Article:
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UBC Theses and Dissertations

The geomorphology and permafrost conditions of Garry Island, N.W.T. Kerfoot, Denis Edward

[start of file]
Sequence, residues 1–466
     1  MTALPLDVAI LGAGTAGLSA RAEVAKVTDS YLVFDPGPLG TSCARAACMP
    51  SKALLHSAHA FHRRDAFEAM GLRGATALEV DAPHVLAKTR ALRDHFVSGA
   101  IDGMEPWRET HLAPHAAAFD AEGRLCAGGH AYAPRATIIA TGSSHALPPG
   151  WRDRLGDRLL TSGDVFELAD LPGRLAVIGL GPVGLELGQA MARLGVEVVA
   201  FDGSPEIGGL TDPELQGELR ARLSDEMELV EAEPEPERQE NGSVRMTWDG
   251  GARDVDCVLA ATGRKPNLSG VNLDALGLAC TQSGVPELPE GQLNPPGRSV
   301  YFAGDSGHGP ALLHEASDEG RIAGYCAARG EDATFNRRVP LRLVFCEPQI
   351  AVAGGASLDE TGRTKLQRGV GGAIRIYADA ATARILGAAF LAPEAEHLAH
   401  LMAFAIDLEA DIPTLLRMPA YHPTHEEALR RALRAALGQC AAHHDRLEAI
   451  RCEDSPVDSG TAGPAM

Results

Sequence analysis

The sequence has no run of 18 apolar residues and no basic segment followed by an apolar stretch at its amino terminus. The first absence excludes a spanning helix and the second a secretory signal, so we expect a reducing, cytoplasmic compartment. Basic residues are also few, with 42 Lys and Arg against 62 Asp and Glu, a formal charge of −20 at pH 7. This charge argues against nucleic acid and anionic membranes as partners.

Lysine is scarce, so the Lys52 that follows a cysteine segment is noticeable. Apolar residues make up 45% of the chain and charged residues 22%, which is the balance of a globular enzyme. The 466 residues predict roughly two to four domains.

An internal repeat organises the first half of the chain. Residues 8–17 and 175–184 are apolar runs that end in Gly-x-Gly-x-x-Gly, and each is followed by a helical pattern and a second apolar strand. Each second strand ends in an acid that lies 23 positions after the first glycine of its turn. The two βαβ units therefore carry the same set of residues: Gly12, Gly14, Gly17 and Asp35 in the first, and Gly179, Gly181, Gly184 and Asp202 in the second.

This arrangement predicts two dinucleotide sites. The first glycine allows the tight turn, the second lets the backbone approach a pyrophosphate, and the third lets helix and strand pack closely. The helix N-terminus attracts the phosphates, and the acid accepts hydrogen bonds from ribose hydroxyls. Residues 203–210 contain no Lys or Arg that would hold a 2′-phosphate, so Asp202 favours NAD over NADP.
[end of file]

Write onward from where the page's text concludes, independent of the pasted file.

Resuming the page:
Garry Island, approximately 11 kilometres (7 miles) long and 0.8 to 3.2 kilometres (0.5 to 3.2 miles) wide, is located at about latitude 69° 28'N and longitude 135° 42'W in the southern part of the Beaufort Sea. The stratigraphy consists mainly of unconsolidated sands, silts, clays and stony clays which have been intensively deformed by the thrusting action of glacier-ice moving from the south. The deformed sediments are locally overlain by undisturbed sands and gravels containing marine fossils dated at >42,000 years. The absence of any evidence of glacial till on top of the sands suggests that Garry Island lay beyond the northwestern limits of the Laurentide ice sheet during the late-Wisconsin glaciation. Elevated strand-lines, which may be of great antiquity and occur at approximately 7.5 metre (25 feet) intervals to an altitude of almost 46 metres (150 feet), indicate the extent of Pleistocene fluctuations of sea level and the drowning of a pre-existing topography. The development of tundra polygons, in small flats behind sandspits or bars built across the drowned valleys in association with the former sea levels, has imparted a distinctive, stepped longitudinal profile to the stream courses. The tundra vegetation of Garry Island is classified into ten major habitats which are primarily related to drainage conditions and type of geomorphic activity. The island is underlain by permafrost and the thickness of the active layer is greatest, and ground temperatures in this layer are highest, beneath unvegetated surfaces and where the substrate is composed predominantly of mineral soil. Stratigraphic, geomorphic and historic evidence indicates considerable recession of the coastline in recent times. Current rates of retreat, reaching maxima of 10.5 metres (35 feet) per annum, are primarily related to the composition of the permafrost, being greatest in areas of fine-grained sediments, containing high ice contents, with a southerly exposure. Thermal erosion of the permafrost is the dominant process influencing cliff retreat and the primary role of wave action, on a short term basis, is in the removal of thawed debris from the base of the cliffs. Observations of three highly active mudslumps, created by the exposure of segregated ground ice, show that the rate of headwall recession is strongly correlated with ambient air temperatures. Maximum recession occurs where the ice content is high and the slumped debris is frequently removed from the base of the scarp. The cyclic development of a gully system on the ice face is described. The longevity of mudslump activity is prolonged where strong mudflows carry the thawed material away from the foot of the headwall, thus preventing the progressive burial of the scarp face. Mudflow velocities reveal a rhythmic pulsation related to periodic blocking of their channels. Mud levees, bordering the mudflows, result from the progressive bleeding of moisture from, and subsequent stagnation of, the mud rather than as residual features pushed aside by the advancing mudflow. Patterned ground on Garry Island is primarily restricted to non-sorted types. Angular intersections of thermal contraction cracks, representing the incipient stages of tundra polygons, exhibit a preferred tendency toward slightly-oriented, orthogonal systems. The initial micro-relief of earth hummocks is believed to originate through the accentuation of a miniature desiccation/frost crack pattern. Following the establishment of a vegetation cover, their subsequent growth involves further differential frost action and solifluction. Statistical tests show that the height, size and shape of earth hummocks are closely related to their position on the slope profile.

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